Camões wrote Os Lusíadas , Portugal's national epic poem celebrating Portuguese history and achievements. The poem focuses mainly on the 16th-century Portuguese explorations , which brought fame and fortune to the country. Camões' poem, considered one of the finest and most important works in Portuguese literature , became a symbol for the great feats of the Portuguese Empire . Camões was an adventurer who lost one eye fighting in Ceuta , wrote Os Lusíadas while traveling, and survived a shipwreck inCochinchina (present-day Vietnam ). According to popular folklore, Camões saved his epic poem by swimming with one arm while keeping the other arm above water. Since Camões' date of birth is unknown, the date of his death is celebrated as Portugal's National Day.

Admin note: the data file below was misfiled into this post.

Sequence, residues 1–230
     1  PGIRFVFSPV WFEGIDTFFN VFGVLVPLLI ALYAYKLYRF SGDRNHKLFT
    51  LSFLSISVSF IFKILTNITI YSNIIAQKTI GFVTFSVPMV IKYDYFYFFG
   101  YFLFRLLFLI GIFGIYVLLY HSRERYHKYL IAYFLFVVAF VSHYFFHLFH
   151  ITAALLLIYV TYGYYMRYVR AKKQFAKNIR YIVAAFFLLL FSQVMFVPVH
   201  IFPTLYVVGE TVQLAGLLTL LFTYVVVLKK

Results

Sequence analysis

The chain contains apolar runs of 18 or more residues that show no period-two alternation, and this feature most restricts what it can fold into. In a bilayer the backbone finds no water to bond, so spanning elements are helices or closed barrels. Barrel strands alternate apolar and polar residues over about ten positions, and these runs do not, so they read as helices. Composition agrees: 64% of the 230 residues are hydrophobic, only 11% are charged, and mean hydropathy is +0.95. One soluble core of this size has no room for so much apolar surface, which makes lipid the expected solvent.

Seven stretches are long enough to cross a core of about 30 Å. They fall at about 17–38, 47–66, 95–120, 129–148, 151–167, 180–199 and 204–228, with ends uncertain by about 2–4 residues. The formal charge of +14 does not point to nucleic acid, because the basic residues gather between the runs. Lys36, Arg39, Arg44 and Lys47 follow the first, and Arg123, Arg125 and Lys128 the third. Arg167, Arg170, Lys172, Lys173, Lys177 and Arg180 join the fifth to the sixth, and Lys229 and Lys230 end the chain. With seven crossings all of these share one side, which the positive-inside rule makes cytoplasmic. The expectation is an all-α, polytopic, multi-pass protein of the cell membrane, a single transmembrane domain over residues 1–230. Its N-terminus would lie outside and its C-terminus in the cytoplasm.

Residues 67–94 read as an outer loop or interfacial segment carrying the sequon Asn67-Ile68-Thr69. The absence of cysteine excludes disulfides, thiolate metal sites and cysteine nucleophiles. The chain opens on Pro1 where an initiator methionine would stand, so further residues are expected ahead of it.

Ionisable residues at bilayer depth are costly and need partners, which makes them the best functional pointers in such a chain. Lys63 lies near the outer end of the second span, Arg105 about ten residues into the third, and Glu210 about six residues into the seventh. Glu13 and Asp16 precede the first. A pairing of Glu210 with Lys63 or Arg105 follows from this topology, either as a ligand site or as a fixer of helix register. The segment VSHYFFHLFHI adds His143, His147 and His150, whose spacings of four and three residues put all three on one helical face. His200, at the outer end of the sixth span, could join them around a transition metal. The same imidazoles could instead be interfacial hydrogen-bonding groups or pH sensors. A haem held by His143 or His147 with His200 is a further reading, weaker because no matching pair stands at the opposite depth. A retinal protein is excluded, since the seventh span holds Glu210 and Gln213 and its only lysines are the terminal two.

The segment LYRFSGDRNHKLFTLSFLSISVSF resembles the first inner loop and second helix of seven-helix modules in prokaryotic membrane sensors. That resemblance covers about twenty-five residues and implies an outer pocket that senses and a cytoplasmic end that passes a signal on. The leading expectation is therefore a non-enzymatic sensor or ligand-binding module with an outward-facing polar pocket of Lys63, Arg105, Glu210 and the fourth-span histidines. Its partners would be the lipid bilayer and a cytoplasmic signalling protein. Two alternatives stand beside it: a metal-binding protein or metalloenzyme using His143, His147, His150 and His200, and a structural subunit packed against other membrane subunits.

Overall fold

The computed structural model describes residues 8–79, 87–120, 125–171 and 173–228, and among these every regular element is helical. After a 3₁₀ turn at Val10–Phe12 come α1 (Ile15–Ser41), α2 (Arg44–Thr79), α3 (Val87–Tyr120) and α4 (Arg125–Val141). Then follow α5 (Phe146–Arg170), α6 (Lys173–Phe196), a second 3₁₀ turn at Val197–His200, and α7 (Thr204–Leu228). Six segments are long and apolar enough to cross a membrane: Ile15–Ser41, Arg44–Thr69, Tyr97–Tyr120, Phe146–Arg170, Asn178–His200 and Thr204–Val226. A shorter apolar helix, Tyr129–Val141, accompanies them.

Although Camões became a symbol for Portugal nationalism, his death in 1580 coincided with a dynastic crisis that eventually resulted in Philip II of Spain claiming the Portuguese throne . Portugal was then ruled by three generations of Spanish kings . Sixty years later, on December 1, 1640, the country regained its independence once again by expelling the Spanish and making John of Bragança, King John IV of Portugal .
During the authoritarian Estado Novo regime in the 20th century, Camões was used as a symbol for the Portuguese nation. In 1944, at the dedication ceremony of the National Stadium, António de Oliveira Salazar referred to June 10th as Dia da Raça, the Day of the Portuguese Race. The notion of a Portuguese "race" served his nationalist purposes. Portugal Day celebrations were officially suspended during the Carnation Revolution . Celebrations resumed after 1974, expanded to include the Comunidades Portuguesas, Portuguese emigrants and their descendants living in communities all around the world.
|Largo de Camões - Lisbon ©JMLA 2002|